Similar to the Lightning, Game 4 was a revelation of sorts for the Blues. After failing to score for the past seven periods of the series, Troy Brouwer broke through on an early power play for St. Louis. Brouwer’s tally marked the first Blues goal since Jori Lehtera scored midway through Game 1, and it was the start of a long night for the Sharks defensively.

Brouwer’s goal was followed less than four minutes later by a marker from Lehtera, and St. Louis skated to the dressing room with their first two-goal lead of the series. In the second, the Blues would pull away for good as Kyle Brodziak had what could possibly be considered the best period in maybe the best game of his career. First, Brodziak netted a shorthanded goal six minutes into the frame, and almost exactly four minutes later, he buried his second of the post-season.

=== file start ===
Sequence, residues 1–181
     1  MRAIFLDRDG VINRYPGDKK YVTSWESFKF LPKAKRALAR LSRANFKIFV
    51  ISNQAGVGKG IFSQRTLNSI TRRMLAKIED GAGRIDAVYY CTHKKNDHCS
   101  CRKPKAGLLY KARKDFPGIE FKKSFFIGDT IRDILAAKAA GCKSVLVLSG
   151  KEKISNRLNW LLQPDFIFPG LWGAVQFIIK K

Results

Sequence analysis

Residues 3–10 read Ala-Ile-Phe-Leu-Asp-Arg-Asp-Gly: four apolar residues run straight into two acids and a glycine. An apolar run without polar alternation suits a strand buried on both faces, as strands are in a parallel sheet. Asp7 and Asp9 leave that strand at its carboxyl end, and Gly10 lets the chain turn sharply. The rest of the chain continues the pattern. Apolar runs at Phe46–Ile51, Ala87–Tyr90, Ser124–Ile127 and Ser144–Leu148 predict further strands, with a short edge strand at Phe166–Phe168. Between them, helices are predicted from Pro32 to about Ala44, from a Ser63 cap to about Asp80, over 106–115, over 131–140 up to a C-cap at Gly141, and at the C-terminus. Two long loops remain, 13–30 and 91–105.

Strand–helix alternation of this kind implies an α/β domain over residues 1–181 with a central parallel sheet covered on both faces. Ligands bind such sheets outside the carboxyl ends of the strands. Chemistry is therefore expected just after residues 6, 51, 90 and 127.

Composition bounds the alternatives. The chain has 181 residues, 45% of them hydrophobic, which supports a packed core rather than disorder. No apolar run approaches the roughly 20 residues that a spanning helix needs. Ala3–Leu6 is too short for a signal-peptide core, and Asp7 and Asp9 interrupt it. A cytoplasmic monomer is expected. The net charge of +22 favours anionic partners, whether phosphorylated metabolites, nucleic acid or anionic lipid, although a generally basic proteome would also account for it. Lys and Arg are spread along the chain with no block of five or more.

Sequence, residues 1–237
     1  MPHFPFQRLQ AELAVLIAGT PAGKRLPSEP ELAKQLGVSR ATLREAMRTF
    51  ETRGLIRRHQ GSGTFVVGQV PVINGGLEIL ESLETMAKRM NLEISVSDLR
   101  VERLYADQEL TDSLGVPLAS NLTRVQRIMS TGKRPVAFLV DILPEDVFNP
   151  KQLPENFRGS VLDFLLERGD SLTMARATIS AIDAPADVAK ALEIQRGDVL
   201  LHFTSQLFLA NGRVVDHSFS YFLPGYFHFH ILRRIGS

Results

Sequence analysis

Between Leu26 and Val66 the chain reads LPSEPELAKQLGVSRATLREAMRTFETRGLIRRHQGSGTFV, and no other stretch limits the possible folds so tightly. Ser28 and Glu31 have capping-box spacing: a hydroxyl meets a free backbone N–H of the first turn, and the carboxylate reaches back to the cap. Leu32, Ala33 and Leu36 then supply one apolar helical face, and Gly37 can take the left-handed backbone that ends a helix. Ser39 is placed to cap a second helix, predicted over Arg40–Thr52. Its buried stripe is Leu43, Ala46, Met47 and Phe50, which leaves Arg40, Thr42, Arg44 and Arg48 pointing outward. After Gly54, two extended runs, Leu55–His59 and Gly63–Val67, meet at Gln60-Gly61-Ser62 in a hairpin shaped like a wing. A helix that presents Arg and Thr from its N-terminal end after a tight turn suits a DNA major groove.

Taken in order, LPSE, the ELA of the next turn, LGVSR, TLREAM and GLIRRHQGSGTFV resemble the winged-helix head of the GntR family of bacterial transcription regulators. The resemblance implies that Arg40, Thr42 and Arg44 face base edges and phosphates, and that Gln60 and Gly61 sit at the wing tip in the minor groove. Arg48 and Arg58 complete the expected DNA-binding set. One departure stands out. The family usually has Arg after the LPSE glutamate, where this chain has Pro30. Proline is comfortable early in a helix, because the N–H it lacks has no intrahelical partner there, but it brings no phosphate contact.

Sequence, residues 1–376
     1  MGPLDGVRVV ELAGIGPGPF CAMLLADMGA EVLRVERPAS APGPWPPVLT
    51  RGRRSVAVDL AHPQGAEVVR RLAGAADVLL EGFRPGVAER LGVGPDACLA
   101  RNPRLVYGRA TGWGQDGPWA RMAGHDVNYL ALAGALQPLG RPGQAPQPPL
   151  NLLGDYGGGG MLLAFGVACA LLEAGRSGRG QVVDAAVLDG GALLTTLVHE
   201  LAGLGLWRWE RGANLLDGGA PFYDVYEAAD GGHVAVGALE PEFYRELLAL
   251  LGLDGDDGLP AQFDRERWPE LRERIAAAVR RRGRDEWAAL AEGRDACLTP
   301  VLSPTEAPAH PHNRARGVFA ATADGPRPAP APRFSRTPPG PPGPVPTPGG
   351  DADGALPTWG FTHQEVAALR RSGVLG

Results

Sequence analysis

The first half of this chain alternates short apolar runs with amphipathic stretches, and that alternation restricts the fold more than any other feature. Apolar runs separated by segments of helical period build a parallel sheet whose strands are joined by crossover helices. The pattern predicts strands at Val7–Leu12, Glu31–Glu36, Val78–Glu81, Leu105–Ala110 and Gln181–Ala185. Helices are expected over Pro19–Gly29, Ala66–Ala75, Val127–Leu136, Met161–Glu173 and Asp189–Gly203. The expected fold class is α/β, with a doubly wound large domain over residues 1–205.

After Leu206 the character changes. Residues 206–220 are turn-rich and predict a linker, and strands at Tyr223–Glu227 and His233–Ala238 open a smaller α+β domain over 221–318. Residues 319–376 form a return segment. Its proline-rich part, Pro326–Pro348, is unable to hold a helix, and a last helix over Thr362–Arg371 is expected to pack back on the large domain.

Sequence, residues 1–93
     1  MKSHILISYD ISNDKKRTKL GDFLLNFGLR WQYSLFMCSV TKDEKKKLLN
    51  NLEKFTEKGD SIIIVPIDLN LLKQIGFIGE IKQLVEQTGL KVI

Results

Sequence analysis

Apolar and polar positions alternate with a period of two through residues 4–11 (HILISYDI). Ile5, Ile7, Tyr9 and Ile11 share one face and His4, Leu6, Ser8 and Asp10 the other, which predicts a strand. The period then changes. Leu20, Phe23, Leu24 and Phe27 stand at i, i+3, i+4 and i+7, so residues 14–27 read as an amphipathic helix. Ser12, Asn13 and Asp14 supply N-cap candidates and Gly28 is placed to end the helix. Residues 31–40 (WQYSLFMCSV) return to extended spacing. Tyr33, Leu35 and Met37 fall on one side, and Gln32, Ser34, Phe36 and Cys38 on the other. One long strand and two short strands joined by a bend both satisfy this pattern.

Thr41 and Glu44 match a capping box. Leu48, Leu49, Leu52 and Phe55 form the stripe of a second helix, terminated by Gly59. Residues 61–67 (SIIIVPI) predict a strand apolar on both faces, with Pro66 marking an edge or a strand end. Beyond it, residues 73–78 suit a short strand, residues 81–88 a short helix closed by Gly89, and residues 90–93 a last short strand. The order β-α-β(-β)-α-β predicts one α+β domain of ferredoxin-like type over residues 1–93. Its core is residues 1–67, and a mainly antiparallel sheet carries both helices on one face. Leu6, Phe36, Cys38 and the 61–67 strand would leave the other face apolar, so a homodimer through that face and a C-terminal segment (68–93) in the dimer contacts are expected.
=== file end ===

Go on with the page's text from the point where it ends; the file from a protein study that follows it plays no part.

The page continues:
Brodziak’s pair, which marked his first two-goal playoff game of his 10-year career, were enough to bury the Sharks and end San Jose netminder Martin Jones’ night earlier than most would have expected. The Blues made the victory more emphatic with two goals in the third frame to seal a 6-3 victory, which evened the Western Conference final at two games apiece. Read more

Goaltending not as important in the playoffs as it used to be

Mike Brophy
Martin Jones (Michael Martin/NHLI via Getty Images)

The further the 2016 Stanley Cup playoffs progress, the more apparent it becomes that teams do not necessarily need great goaltending to win.